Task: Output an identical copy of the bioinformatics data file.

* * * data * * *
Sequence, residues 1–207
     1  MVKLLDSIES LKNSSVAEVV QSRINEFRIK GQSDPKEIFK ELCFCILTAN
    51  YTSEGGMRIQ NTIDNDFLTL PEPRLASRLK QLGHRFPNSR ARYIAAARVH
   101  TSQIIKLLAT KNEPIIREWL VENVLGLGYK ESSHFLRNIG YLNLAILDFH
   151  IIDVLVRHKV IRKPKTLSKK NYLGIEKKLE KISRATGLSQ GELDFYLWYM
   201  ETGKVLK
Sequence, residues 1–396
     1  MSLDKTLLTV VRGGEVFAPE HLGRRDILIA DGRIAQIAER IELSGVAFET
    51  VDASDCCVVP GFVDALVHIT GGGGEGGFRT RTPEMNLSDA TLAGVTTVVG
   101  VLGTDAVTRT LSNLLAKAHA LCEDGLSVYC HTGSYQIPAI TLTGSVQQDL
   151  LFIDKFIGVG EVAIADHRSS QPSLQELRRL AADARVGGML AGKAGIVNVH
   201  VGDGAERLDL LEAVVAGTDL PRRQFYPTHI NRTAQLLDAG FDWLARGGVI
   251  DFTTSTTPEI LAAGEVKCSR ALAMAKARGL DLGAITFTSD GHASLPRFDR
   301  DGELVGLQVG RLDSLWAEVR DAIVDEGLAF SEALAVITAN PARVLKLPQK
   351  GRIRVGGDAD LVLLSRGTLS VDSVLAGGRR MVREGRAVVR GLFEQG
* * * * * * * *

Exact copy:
Sequence, residues 1–207
     1  MVKLLDSIES LKNSSVAEVV QSRINEFRIK GQSDPKEIFK ELCFCILTAN
    51  YTSEGGMRIQ NTIDNDFLTL PEPRLASRLK QLGHRFPNSR ARYIAAARVH
   101  TSQIIKLLAT KNEPIIREWL VENVLGLGYK ESSHFLRNIG YLNLAILDFH
   151  IIDVLVRHKV IRKPKTLSKK NYLGIEKKLE KISRATGLSQ GELDFYLWYM
   201  ETGKVLK
Sequence, residues 1–396
     1  MSLDKTLLTV VRGGEVFAPE HLGRRDILIA DGRIAQIAER IELSGVAFET
    51  VDASDCCVVP GFVDALVHIT GGGGEGGFRT RTPEMNLSDA TLAGVTTVVG
   101  VLGTDAVTRT LSNLLAKAHA LCEDGLSVYC HTGSYQIPAI TLTGSVQQDL
   151  LFIDKFIGVG EVAIADHRSS QPSLQELRRL AADARVGGML AGKAGIVNVH
   201  VGDGAERLDL LEAVVAGTDL PRRQFYPTHI NRTAQLLDAG FDWLARGGVI
   251  DFTTSTTPEI LAAGEVKCSR ALAMAKARGL DLGAITFTSD GHASLPRFDR
   301  DGELVGLQVG RLDSLWAEVR DAIVDEGLAF SEALAVITAN PARVLKLPQK
   351  GRIRVGGDAD LVLLSRGTLS VDSVLAGGRR MVREGRAVVR GLFEQG